The.editor of this paper paid" a visit
to the prosperous and growing town of
Naco last Saturday and enjoyed the
hospitality of the citizens for a couple
Naco is a town that has been pecul
iarly fortunate-in having her best in
terests in the hands of men who are ca
pable and alert, and whose endeavors
have always been on the side of a Bteady
and substantial advancement. These
men have placed their confidence in
the future of their adopted town, they
have invested in her lands and build
ings and have cast in their lot with the
fortunes of this border city.
At this time there is a decidedly im
proved appearance in the prospects of
the town. The Greene Consolidated
Copper company have chosen to make
it their borne. That large and influen
tial corporation is completing the erec
tion of a splended suite of offices, built
on the most modern and improved plan.
A substantial improvement to any city.
On the other side of the line the same
company has commenced to build a fine
warehouse of extensive dimensions and
pleasing architecture. Our own Bis
bee Copper Queen company, with char
acteristic energy, is putting the finish
ing touches on a store building of sub
stantial brick, with every modern im
provement of style that will meet the
requirements of that busy company.
The extensive mercantile establish
ment next to Goldman's old store is
nearingr completion and is a striking
and handsome addition to the mercan
tile emporiums on the main street.
Naco attracts many people who are
looking for locations where the pros
peots point to an increasing trade, and
among the recent arrivals is Miss Kate
Sweney, who has had considerable ex
perience in this region, and who has
chosen Naco for the construction of a
fine store to be used as a notion store.
The city is the great point for the
trains of freight outfits that are daily
ojaking their way toward the great
Sonora mining region, and it is an
amusing and instructive sight to see
the scores of large wagons standing
with their loads at the custom houses.
As far as local institutions are con
cerned Naco is peculiarly well supplied.
The public school with fifty scholars,
is a scene of educational industry un
der the superintendence of Miss Howe.
There is really an excellent system
of water works in Naco, and Mr. R. L.
Benton, the able manager, is to be con
gratulated on the very complete way
iu which the comfort and convenience
of the people is conserved in this im
portant particular, the water system
By they way, we feel a little sensa
tion of jealousy at tho arrival in Naco
last Saturday, with the intention of re
siding there, of a socially woll known
and favorite young couple, and we hear
that one or two other familes are to
live there. While wo kick a little at
this accession to Naco, at our expense,
we acknowledge that they could not
possibly be entrusted t kinder and
more hospitable hands than our Naco
Now comes one of the most pleasing
features of our visit to Naco, and that
is the courtesy and kindness that wo
met with across the border among our
Mexican friends and allies.
There we had the pleasure of intro
ductions to the revenue officials with
their gentlemanly and able chief, Senor
Manuel Carrlllo, while we met also the
active and capable chief of police,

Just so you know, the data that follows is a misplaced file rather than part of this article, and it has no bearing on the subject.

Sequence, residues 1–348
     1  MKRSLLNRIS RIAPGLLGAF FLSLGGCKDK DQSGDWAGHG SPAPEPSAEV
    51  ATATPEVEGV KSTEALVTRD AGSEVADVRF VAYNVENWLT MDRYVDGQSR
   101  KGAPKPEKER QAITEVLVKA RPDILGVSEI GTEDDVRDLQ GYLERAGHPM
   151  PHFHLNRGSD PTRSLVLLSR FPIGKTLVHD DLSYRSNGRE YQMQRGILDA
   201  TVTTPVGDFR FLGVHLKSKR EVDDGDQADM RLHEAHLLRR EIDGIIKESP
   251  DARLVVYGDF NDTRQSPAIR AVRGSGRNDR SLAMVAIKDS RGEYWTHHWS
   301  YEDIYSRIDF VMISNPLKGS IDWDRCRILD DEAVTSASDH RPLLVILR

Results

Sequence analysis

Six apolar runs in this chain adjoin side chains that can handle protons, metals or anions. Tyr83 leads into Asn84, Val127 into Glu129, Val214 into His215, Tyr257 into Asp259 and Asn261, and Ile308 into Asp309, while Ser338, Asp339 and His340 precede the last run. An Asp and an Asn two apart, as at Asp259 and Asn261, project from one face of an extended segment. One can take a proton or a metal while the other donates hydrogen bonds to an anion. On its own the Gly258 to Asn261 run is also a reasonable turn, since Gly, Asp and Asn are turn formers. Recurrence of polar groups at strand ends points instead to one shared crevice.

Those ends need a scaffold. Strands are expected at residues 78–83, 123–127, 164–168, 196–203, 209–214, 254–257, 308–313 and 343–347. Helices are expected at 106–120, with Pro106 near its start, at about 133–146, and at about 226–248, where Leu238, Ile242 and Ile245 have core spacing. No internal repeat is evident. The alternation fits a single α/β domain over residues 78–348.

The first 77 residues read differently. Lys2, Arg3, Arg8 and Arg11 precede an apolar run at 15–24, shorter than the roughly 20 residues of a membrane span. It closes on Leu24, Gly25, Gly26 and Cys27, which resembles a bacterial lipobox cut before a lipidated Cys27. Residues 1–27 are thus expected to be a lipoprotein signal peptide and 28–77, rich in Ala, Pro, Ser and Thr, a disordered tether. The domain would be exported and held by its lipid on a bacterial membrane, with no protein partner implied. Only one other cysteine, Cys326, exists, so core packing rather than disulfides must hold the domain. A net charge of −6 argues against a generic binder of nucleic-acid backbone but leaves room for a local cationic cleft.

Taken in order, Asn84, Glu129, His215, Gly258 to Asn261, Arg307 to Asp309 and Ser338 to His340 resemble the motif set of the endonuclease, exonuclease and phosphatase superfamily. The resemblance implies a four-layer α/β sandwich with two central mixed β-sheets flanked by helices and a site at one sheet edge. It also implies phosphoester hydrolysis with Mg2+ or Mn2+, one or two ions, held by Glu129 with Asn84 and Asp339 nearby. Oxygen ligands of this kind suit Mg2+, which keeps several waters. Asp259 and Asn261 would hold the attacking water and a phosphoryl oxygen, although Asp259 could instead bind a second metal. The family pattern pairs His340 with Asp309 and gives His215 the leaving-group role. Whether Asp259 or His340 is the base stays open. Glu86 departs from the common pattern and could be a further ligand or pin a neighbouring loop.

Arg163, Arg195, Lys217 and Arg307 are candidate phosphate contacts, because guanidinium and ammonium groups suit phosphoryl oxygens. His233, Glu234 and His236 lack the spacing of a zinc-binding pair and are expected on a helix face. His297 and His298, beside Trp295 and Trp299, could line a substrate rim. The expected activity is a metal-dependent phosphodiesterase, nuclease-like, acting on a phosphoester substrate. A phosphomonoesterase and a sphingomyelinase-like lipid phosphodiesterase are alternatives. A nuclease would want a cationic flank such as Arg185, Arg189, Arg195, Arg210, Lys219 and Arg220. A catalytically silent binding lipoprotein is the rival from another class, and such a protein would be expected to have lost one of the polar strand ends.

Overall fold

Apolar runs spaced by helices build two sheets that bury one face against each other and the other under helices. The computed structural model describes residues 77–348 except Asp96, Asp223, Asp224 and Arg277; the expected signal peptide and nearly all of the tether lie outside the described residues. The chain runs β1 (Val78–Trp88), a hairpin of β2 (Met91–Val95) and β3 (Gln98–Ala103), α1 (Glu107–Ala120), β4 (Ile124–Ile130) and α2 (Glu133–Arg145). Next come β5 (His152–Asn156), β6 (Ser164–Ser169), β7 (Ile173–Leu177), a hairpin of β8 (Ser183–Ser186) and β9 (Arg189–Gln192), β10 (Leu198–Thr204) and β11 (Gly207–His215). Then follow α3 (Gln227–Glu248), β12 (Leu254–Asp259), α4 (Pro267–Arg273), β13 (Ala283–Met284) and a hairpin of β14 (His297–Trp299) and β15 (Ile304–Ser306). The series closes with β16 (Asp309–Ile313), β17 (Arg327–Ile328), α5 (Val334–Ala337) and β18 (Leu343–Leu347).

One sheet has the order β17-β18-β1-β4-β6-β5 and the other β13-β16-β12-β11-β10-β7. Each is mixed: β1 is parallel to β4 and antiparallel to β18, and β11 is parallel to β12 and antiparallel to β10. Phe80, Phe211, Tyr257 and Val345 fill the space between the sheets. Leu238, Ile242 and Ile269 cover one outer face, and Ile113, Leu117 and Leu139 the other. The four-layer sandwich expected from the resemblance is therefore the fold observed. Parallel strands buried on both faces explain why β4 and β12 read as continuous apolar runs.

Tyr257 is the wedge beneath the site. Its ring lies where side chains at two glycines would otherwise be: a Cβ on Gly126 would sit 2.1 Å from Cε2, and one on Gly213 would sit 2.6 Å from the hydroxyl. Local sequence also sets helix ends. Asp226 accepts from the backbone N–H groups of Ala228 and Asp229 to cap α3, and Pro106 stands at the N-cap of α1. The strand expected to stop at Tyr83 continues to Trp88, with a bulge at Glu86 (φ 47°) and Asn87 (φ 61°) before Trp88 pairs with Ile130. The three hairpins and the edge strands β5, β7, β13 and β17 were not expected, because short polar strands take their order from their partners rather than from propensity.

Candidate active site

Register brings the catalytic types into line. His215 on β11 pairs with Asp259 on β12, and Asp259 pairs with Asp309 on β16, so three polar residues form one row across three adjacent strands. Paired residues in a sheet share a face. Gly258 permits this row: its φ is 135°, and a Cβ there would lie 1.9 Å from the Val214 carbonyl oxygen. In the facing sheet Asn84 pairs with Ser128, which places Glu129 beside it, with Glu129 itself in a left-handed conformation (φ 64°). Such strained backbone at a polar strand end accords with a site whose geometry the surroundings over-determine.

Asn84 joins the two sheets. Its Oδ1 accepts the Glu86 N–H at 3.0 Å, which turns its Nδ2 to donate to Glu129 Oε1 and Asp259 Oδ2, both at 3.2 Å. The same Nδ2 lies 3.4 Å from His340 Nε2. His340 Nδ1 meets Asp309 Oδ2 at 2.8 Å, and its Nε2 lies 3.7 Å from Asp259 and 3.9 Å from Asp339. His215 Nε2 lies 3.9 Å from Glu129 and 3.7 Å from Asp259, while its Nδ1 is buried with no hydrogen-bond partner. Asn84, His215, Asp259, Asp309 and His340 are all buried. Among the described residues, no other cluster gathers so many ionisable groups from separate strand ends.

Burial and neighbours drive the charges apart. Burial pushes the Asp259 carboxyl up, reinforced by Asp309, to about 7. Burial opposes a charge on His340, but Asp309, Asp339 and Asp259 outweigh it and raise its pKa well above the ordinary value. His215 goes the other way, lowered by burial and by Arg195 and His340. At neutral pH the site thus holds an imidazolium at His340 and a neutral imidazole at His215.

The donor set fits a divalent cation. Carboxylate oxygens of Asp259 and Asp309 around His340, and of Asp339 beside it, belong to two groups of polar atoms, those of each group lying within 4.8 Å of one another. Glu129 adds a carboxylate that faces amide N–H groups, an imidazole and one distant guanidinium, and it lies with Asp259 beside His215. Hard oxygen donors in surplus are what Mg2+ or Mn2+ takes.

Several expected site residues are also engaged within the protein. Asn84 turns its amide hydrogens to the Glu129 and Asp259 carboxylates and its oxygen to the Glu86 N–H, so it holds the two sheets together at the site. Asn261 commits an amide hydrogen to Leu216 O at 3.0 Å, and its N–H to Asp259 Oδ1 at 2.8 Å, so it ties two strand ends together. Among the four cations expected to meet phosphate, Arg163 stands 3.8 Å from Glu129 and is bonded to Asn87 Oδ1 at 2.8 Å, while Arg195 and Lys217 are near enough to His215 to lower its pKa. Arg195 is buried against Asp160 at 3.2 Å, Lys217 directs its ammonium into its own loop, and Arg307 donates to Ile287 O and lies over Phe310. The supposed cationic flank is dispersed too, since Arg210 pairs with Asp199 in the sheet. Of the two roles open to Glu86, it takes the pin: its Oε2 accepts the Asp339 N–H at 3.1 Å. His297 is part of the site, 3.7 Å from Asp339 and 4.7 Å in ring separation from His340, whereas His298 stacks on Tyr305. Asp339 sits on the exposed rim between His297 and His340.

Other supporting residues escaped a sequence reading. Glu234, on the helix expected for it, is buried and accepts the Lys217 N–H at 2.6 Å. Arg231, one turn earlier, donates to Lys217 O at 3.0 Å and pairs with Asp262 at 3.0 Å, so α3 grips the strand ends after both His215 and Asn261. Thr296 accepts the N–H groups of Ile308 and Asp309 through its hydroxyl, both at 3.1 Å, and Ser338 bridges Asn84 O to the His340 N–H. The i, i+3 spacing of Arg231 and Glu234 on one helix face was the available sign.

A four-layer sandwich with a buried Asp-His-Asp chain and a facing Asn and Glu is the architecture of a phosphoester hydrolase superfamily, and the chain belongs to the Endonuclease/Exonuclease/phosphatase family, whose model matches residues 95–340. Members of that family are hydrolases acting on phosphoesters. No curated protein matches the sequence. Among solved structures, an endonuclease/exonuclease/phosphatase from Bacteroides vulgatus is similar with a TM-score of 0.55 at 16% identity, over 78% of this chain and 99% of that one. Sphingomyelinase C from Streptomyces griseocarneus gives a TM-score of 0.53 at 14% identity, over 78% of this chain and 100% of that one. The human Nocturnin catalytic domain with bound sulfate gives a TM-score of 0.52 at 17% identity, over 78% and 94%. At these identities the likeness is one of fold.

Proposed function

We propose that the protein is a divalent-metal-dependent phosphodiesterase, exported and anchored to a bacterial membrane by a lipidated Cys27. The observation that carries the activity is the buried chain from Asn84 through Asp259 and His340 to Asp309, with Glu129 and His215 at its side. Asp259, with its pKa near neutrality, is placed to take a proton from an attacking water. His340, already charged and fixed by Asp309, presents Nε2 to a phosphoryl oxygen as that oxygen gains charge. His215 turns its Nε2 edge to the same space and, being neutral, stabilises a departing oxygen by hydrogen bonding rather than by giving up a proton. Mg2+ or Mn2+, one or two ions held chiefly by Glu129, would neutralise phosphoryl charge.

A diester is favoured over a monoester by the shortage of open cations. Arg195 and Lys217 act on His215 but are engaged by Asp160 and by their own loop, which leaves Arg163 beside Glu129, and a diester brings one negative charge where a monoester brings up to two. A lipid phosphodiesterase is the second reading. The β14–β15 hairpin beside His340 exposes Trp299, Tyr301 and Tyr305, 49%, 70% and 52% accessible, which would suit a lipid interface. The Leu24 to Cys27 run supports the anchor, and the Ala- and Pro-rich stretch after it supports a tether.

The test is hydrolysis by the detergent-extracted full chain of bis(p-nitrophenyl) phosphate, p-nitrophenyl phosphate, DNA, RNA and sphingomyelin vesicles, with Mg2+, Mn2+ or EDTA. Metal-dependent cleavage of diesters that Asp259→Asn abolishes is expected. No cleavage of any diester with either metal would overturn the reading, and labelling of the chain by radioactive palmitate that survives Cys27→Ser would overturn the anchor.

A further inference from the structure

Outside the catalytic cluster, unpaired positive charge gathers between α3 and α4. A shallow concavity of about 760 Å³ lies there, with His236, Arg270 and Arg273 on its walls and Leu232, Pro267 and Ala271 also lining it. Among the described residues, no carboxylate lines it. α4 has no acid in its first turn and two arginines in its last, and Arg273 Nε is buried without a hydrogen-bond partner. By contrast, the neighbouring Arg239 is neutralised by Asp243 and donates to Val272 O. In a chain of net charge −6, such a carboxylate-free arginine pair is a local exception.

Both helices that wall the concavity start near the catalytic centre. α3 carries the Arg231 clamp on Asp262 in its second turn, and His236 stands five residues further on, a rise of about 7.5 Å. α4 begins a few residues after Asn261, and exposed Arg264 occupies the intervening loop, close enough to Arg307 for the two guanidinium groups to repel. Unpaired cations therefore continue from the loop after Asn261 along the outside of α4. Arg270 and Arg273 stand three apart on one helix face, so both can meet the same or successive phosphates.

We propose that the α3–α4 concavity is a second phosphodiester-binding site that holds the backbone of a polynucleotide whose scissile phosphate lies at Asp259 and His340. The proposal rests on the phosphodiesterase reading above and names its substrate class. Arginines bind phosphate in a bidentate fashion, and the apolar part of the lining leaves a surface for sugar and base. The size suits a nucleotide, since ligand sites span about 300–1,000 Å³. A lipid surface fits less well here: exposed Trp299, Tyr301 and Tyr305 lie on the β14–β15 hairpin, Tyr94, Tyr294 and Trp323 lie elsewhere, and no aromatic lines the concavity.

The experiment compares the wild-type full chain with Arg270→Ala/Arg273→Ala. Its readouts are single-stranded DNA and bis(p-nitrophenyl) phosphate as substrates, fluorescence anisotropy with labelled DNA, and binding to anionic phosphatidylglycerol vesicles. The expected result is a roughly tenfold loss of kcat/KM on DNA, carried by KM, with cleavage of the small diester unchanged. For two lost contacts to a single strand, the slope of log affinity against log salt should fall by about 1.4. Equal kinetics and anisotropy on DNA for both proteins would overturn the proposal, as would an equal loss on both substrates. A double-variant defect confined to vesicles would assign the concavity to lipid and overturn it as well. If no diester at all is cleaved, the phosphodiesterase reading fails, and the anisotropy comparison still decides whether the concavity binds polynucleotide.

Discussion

Senor J. M. Gonzalez.
Thja,, latter introduction reminds us
that tiie Naco police system, on both
sideithe border, lj simply perfect, and
order ad safety It assured In this bor
We were the recipient of the hospi
tality of R. V. Daniels, collector of cus
toms at Naco, to whom wo are Indebted
for many valuable Introductions on
bothldes the line, a favor accorded us
during the few minutes cessatlou in his
Hotel and restaurant accommodation
in Naco .is particularly excellent. Mr.
Abrams, of the Naco hotelFla one of
the most accommodating of genial
hosts, while among the well served res
taurants the Naco restaurant, under
the control of Mrs. Gibbons, is a place
where the culinary art is perfect, and
the guests are received with an atten
tion that is most pleasing.
We chatted with Mr. Reed, of the
Cochise Lumber company, whose busi
ness is increasing daily with the im
provements that mark the progress of
Naco, while the progressive and enter
prising firms of Curry & Reay and
Goldman & Co. are true representatives
of the commercial interests of a grow
There are many interests in the trade
world of Naco that are worthy of pur-
ticular mention, and which wo may
omit, libt, intentionally, but for lack of
space, and it. behooves us to say, In
conclusion, that for open-handed hos
pitality and the true marks of tho en
terprising and progressive town; a
progress in which the well dirocted ef
forts of men like B. J. O'Rielly, the
prominent Naco citizen and pioneer,
have been so successfully used, Naco
caunot. be surpassed, ou either side of
that border which divides the United
States from our courteous and frieudly
neighbors, the equally enterprising cit
izens of Mexico.
BISBEE DEMOCRATIC CLIB.
Successful formation of a Young
Men's Democratic Club.
Saturday evening a number of the
democrats of Bisbee met in Graham's
hall and organized a Young Men's
H. E. Conlon was chosen temporary
chairman and William Witherell tem
Messrs. Callaghan, Prltchett" Sweet,
Wilcox and Grady were appointed a
committee on constitution, by-laws and
organization. Their report was adopted
and the club proceeded to elect the fol
lowing officers; J. C. Callaghan, presi
dent; William "Pritchett, vice presi
dent; M. J. Cunningham, treasurer; T.
P. Nichols, secretary; J. W. Hunt,
The president was directed to select
a standing committee of five members,
and report the same at the next regu
Messrs. Lieutenant George B. Wil
cox, Willlam'Prltchett and Harry Raf
ferty were appointed a conimittee with
power to enroll charter members until
The secretary was directed to apply
for affiliation with the National Associ
ation of Democratic Clubs, to commu
nicate with Senator Jones, of Arkansas,